Access to Light

Most strains of algae require light to grow. In the natural environment, algae, like most plants, utilize the energy in the sun’s rays to produce energy and grow new plant matter (biomass). Large natural sources of algae are found in just the top half inch of the sun-penetrated surface of bogs, marshes, swamps and salt lakes. More algae would, presumably, grow naturally in these environments if sunlight further penetrated the surface. 

One of the most important factors to maximizing the growth of algae, and thus the yield of an algae biofuels project, is providing satisfactory light. Maximizing the amount of algae mass exposed to light and optimizing light penetration on multiple growth levels may be the key to dependable, high algae yields. To accomplish this, some algae production facilities use artificial light sources like a 
photo bioreactor. Algae growth can certainly be improved by using artificial lighting, however, due to the energy losses inherent in generating electricity to create the artificial light, it is often not economical, except where the value of the final product is very high (as it is for some commercial algae projects where artificial light is used). By giving algae the light it needs inside a growth tank, all of the time, a photo bioreactor may be able to grow algae quickly and cost-effectively.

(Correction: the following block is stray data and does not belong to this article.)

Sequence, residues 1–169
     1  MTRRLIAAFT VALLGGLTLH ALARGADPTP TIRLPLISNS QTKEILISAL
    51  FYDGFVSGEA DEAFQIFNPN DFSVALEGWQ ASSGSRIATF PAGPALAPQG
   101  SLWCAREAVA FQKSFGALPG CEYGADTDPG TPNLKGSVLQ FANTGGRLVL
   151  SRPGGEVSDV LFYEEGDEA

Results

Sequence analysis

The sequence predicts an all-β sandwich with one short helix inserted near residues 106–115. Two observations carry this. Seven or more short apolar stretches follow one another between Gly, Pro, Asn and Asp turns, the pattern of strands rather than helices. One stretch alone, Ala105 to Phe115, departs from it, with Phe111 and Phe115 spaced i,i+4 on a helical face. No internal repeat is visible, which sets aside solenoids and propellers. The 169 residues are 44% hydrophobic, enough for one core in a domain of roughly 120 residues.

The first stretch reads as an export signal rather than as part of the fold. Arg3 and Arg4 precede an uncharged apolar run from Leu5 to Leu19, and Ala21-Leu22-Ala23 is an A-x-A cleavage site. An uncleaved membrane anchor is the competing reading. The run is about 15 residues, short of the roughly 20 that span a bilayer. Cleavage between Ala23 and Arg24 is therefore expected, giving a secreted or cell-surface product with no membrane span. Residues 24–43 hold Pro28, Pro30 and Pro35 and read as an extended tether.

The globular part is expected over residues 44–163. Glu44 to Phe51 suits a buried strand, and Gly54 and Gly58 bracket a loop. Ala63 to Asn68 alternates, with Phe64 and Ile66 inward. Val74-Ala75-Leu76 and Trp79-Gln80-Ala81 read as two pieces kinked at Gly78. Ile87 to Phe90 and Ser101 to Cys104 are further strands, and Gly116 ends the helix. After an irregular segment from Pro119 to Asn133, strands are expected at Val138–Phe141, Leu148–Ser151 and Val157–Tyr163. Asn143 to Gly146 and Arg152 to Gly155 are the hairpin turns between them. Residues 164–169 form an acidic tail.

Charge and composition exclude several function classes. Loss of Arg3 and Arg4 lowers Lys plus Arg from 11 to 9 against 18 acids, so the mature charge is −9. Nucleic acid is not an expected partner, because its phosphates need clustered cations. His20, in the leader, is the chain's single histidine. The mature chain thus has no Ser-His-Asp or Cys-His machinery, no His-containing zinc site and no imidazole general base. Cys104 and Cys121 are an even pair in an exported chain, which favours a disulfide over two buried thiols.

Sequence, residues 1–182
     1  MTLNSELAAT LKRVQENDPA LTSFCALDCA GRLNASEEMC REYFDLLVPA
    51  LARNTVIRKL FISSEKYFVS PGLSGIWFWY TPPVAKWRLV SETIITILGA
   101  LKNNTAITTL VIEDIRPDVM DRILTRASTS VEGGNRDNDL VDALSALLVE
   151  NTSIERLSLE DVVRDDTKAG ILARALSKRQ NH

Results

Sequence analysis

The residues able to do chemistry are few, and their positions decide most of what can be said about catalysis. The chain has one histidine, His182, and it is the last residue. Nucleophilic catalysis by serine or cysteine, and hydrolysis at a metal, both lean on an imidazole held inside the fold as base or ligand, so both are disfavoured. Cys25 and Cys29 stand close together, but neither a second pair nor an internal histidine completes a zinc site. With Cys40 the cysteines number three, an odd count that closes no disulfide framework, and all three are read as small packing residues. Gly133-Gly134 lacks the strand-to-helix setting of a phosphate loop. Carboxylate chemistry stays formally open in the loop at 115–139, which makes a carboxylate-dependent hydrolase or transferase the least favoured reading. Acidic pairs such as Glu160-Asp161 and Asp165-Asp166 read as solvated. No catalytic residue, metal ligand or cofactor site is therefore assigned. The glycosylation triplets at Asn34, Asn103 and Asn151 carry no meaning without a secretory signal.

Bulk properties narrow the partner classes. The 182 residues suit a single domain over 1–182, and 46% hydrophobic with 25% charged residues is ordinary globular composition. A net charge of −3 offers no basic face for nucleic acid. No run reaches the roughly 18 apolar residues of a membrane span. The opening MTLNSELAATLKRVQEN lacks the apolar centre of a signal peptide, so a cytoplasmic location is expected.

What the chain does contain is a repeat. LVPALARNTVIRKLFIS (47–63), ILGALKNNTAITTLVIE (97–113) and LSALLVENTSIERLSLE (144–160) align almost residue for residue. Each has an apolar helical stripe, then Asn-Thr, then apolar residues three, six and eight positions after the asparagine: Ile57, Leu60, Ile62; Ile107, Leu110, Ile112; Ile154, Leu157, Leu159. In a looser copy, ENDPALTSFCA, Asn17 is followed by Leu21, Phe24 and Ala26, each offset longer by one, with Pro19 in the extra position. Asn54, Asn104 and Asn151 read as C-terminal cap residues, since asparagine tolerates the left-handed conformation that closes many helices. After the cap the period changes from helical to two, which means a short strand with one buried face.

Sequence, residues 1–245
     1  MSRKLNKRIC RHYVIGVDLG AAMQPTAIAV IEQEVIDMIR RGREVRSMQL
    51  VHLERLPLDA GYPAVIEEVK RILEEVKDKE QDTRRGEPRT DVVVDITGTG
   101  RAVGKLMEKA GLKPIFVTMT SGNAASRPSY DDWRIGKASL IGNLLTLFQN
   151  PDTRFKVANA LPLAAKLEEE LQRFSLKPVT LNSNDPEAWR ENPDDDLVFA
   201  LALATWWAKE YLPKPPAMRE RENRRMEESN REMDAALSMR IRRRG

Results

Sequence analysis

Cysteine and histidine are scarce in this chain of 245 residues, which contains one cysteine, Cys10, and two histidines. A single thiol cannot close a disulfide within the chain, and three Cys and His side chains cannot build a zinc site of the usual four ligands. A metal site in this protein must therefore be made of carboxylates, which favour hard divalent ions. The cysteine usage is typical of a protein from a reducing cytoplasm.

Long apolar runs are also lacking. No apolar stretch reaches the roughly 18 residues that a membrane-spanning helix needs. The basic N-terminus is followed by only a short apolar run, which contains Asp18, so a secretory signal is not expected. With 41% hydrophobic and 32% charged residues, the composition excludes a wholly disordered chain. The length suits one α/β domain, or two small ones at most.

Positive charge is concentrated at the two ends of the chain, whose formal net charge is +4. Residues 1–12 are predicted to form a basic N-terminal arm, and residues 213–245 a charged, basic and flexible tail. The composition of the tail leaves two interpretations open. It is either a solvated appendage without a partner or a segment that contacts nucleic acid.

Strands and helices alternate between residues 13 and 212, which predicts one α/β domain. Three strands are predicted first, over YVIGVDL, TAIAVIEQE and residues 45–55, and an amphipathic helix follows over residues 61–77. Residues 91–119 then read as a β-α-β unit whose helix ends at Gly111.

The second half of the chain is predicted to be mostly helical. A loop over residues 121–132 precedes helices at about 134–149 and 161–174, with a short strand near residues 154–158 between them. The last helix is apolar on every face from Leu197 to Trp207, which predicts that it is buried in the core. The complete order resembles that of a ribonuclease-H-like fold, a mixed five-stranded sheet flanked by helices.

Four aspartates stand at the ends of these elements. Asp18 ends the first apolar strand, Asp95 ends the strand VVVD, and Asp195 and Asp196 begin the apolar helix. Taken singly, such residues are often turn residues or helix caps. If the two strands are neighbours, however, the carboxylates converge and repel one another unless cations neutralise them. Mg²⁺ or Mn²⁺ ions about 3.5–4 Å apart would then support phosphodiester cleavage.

The developer of the algae biofuels project relying on natural sunlight will need to ensure that the facility has access to sunlight for growing algae. The developer may want to consider entering into solar easement agreement with adjoining property owners. By entering a solar easement agreement, a developer aims to protect against an adjoining property owner erecting or permitting something on its property that could potentially interfere or obstruct the sunlight from the developer’s algae biofuels project. Like any other property right, a solar easement agreement must be documented in writing and recorded in accordance with local requirements.

To be enforceable, an agreement creating a solar easement must also contain any state-specific requirements.  A state’s focus may be affected by weather, terrain, or the character of the area.  Some states and/or local governing bodies can be height- or design-sensitive (California, Colorado) or locale-sensitive (Hawaii), or may focus on visibility and placement (North Carolina), orientation (Wisconsin), zoning (Rhode Island), or setback issues (Oregon).

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